Charge at home

Another initiative of ours is called Charge at Home. Primarily this focusses on increasing the number of electric cars on our roads in order to reduce carbon emissions from fossil fueled vehicles. However, it’s a bit like the old question of the chicken or the egg: If there are no charging points available for electric cars then interest in upgrading to a climate smart vehicle will be low. But if the infrastructure is in place, is easily accessible and simple to use, then interest in electric cars will go up. So what is the best way to move forward? We have already assisted many housing associations when they installed charging points in their underground car parks.

Today, there are more than 400 charging points in Sjöstaden properties with an additional 31 outdoor charging points available, one of which offers fast charging. It is said that we are the most vehicle charger-friendly district in Sweden. But it doesn’t end there and our goal is to have 1.000 charging points in our underground car parks by 2020.

Charge at home is cofinanced by Naturvårdsverket.

Half-price charging points

Klimatklivet (The Climate Shift) is a Swedish government initiative that supports climate-smart programs that reduce carbon dioxide emissions at a local level. Klimatklivet means that local housing associations can receive grants totaling 50% of installation costs for a single charging point.

If there are no charging points in your underground car park, then you should raise the issue in a motion to the board of your housing association.

Electric car guru, Henric Gustafson.

So what is the charge then?

After purchase and installation, it works out at around SEK 10.000 including the 50% subsidy. If you calculate a 10-year depreciation on equipment and incurrent electricity consumption, the owners of electric cars will pay approximately SEK 250 in addition to their normal parking fees.

Here is a quick reference guide which explains how to allocate charging costs
among members of a housing association.

What electric car should I choose?

When choosing which electric car is right for a particular household, we usually talk about daily needs compared to upper limit needs. How many kilometers do you drive daily? Probably not so many. Today, Swedes drive around 40 kilometers per day (figures supplied by the Swedish Transport Administration). But if you live in town, you are likely to drive a lot less. On average, a car is parked more than 90% of the time and therefore it is wise to choose a vehicle that corresponds with your daily needs. And keep in mind that a lighter car uses less energy.

When the time comes for a longer road trip, then it is better to rent a bigger car. Another option is to plan your journey in your own electric vehicle according to the availability of charging points along the route – you’ll be surprised when you see how many are out there!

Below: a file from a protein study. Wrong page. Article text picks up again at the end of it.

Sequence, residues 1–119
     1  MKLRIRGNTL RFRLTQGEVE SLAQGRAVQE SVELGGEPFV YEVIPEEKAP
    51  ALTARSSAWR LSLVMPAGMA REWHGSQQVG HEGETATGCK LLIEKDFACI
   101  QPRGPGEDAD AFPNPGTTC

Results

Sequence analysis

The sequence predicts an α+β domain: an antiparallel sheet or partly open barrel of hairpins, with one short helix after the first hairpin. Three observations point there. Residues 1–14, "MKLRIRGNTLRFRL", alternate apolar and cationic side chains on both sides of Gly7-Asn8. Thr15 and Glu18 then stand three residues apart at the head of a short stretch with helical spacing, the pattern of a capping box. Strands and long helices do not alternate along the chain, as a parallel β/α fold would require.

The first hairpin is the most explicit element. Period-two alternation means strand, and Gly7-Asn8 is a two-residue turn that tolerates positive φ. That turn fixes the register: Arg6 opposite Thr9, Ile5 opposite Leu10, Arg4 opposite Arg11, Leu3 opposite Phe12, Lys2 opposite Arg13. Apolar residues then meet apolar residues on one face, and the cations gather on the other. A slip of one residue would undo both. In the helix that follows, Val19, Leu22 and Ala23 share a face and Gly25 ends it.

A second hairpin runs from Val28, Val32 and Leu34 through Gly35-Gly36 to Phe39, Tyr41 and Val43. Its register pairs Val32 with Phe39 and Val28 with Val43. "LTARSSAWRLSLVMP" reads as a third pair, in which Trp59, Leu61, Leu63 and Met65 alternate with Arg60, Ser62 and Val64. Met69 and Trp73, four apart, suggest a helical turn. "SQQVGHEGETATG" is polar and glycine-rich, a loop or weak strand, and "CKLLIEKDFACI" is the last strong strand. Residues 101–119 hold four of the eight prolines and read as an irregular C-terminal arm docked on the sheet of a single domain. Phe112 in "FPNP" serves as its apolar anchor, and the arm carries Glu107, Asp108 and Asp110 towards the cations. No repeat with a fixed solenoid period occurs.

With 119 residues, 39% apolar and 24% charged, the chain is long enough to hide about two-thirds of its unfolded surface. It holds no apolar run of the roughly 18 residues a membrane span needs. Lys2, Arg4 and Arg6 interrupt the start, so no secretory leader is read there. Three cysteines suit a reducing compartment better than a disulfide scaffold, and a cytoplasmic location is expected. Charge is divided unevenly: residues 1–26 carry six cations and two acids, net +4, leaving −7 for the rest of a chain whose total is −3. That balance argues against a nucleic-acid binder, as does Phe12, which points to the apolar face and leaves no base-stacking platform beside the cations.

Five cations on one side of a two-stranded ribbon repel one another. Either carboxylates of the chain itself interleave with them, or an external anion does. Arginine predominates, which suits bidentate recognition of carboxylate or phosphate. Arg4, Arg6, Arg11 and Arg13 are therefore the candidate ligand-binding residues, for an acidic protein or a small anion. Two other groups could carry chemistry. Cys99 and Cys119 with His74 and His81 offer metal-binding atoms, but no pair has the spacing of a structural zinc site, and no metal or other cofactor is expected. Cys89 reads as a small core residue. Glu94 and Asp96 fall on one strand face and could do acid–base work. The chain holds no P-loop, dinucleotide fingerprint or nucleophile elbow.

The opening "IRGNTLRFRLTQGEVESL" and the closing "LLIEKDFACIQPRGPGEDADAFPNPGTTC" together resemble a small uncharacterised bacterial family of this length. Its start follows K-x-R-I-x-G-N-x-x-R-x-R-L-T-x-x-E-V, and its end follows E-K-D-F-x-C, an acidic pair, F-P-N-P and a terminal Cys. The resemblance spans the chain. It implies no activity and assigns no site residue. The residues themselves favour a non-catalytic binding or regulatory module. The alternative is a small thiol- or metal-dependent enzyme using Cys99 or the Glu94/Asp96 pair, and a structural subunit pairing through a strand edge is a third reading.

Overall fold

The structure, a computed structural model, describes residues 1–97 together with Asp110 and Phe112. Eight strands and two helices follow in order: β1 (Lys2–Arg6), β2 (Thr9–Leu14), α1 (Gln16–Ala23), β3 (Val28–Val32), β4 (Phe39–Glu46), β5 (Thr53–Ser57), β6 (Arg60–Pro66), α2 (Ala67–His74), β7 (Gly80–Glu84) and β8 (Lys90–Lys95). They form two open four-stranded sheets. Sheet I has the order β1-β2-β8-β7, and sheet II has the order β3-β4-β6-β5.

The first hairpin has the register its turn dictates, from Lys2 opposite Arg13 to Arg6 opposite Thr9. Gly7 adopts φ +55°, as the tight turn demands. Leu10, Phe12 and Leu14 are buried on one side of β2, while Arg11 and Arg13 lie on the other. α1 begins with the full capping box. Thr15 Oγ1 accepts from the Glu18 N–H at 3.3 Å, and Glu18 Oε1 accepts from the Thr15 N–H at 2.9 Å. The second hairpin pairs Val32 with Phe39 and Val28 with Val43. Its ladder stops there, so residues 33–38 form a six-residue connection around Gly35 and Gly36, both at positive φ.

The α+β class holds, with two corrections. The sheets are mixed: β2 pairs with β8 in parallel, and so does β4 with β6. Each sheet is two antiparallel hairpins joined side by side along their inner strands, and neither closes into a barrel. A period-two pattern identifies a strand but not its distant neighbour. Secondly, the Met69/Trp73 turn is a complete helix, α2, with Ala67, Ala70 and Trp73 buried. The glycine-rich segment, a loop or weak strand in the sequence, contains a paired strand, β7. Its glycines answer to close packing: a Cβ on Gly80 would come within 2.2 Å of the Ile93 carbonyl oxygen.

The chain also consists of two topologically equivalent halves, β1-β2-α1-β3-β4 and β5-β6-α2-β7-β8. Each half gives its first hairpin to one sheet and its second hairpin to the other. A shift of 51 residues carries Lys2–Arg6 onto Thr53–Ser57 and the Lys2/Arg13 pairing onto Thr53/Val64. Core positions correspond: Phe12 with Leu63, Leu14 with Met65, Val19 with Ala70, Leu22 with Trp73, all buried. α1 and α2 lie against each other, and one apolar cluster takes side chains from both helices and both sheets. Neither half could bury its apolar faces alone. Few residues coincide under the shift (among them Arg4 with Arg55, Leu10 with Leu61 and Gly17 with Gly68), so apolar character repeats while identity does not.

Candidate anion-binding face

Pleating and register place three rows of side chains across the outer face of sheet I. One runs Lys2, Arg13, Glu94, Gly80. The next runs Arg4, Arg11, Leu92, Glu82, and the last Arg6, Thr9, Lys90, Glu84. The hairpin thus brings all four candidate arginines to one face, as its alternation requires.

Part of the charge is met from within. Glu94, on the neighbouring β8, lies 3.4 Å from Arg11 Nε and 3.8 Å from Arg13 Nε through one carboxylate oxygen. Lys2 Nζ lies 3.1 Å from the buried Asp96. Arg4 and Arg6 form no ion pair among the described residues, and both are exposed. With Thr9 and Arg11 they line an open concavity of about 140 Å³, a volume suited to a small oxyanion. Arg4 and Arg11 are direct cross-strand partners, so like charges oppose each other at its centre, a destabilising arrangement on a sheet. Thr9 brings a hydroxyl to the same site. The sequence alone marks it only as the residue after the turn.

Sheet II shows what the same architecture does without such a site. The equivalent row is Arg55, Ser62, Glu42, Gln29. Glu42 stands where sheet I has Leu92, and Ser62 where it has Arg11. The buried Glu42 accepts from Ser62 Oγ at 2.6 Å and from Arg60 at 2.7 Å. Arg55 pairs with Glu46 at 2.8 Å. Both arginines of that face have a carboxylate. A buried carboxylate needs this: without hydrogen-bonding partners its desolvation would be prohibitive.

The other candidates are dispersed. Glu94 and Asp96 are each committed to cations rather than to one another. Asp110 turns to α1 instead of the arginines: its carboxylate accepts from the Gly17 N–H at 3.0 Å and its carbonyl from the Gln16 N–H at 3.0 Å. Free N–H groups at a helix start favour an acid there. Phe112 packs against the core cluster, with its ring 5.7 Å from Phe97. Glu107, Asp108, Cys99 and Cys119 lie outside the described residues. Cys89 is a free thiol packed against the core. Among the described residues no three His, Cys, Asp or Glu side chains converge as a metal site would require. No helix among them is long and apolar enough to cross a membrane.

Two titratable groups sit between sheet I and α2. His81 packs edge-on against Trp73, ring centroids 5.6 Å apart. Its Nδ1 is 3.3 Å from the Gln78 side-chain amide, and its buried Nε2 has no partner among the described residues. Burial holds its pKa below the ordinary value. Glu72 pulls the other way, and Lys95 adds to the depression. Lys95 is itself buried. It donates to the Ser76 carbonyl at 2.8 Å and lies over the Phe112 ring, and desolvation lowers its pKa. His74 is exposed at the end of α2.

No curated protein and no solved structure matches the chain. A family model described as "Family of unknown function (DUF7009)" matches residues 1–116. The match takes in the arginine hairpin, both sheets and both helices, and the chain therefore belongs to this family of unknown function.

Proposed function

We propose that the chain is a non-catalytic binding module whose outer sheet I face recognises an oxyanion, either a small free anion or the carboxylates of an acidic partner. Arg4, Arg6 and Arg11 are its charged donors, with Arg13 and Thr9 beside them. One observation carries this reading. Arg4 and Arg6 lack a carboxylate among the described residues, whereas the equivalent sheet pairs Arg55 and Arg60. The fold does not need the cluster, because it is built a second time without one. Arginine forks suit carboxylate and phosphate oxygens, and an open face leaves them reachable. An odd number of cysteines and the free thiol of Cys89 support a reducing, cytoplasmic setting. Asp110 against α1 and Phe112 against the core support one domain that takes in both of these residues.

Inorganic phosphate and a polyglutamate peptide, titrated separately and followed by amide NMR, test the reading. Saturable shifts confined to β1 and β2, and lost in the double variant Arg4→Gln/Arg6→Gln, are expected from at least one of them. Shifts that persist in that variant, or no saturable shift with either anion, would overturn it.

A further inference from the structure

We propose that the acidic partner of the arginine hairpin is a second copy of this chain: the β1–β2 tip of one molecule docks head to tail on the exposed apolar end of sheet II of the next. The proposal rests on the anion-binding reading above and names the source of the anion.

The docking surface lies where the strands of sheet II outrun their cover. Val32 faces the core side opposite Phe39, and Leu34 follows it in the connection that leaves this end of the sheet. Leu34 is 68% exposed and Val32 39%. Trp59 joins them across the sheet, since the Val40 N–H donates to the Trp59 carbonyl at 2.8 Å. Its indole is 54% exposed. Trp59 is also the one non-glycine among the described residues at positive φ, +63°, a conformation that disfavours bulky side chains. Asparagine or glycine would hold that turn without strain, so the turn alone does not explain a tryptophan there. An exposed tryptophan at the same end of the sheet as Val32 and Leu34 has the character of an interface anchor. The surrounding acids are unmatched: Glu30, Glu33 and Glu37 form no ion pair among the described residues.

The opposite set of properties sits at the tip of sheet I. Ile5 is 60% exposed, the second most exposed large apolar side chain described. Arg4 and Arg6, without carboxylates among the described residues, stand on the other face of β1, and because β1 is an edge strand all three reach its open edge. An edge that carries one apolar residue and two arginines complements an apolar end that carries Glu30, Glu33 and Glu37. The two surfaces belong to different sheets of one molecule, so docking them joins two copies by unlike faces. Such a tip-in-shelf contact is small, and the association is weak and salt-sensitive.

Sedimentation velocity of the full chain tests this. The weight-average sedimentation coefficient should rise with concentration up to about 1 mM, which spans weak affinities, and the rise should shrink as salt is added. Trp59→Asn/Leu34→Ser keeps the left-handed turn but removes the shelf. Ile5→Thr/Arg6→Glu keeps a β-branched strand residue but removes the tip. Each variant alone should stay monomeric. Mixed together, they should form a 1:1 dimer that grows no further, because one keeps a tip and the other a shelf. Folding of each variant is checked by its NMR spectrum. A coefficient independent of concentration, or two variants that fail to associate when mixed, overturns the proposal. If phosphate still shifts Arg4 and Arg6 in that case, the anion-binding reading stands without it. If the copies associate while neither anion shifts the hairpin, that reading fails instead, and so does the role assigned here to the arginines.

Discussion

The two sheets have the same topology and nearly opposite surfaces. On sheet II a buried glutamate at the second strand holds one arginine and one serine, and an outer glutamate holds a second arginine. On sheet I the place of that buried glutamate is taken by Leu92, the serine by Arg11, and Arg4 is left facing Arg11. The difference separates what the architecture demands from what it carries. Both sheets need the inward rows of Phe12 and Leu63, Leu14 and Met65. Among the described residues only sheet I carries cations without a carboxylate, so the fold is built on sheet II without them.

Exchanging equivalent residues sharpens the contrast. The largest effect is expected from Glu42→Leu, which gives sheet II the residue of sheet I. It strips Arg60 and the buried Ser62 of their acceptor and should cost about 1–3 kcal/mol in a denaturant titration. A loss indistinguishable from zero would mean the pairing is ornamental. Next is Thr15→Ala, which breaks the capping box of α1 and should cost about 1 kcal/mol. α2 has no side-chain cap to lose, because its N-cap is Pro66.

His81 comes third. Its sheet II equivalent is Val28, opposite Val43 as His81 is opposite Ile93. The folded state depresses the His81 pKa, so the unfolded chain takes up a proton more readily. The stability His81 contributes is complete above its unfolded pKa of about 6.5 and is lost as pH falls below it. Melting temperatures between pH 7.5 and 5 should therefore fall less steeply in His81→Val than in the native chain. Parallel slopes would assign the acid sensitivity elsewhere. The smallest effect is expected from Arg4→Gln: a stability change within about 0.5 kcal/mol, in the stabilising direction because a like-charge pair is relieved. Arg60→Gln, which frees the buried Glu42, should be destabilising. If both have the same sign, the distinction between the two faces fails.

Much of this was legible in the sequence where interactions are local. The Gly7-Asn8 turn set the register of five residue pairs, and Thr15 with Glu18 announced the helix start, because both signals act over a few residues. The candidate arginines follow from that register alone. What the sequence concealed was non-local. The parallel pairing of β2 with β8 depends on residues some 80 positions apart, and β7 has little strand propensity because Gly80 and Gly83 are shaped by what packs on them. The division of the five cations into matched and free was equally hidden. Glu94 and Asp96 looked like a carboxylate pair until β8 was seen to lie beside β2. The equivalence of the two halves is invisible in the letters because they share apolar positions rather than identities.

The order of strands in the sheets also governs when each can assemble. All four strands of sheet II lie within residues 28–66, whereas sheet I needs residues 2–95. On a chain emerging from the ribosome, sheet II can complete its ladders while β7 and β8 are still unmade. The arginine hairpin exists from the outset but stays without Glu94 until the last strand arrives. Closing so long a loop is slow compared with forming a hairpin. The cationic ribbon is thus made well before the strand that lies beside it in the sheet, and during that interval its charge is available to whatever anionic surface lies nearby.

Click here for an updated map over charging points.

Ten kilometres for SEK 2.25

The cost of running an electric car works out at SEK 2.25 per 10 kilometers compared with a fossil fueled vehicle which will set you back around SEK 12 for the same distance travelled. In addition, maintenance costs are lower thanks to fewer moving parts. There is also the added bonus that electric cars are quiet and fun to drive.

Hiring out your electric car battery

Imagine being paid by your housing association for the use of your electric car battery when the vehicle is parked. Together with researchers and carefully selected suppliers, we are going to test the concept this Autumn. 

Here’s how we reasoned: Solar cells mounted on the roof are used to charge a battery in the building’s basement and our electric cars during the daytime. When we get home in the evening, which is when the need for power is at its highest, we can use this surplus electricity to cut energy costs at peak usage times, something which we became significantly aware of on January 1st, 2018 when evening tariffs went up.

What makes the concept viable is that there are now electric vehicles on the market that can both receive and provide electricity. If vehicle batteries are not regularly discharged below 20 percent, then a little extra molecular activity will keep their cells in good condition. This does not mean that the car is unusable for the owner during the daytime, rather that you are able to choose whether to drive it or leave it parked providing an additional energy resource for your building.

Electric car pools?

In Sjöstaden there are already car pools in operation. It is a “comfortable car owner option” for those of us who do not need to drive every day.

We want to take this one step further and are currently testing the viability of making a small electric car available in each of our housing association’s own car parks. Here, three
households share the vehicle that has its own charging point in the garage and which is serviced and maintained by a supplier. Booking these electric cars is easy using an app. If it is not available, you can book a car pool vehicle on the street instead.

Read more about the initiative

No sweat, take the bike

In 2017, 58 members of Sjöstadsföreningen tested commuting to work using electric bicycles. The trial lasted three-weeks and proved to be very popular. Many people were completely sold on the idea and even set off on longer journeys covering distances that they would otherwise never have traveled by bike and along the way discovered that it could be done at a comfortable pace while wearing regular clothes. 

And the next step – the trial will be expanded with larger transport electric bicycles made available to Sjöstadsföreningen’s members. The idea is that housing associations will provide transport electric bikes for free to members as part of a pool agreement between neighbors. It is a sound and environmentally friendly alternative to taking your car to the shops or to drop off the kids at school or the day care center.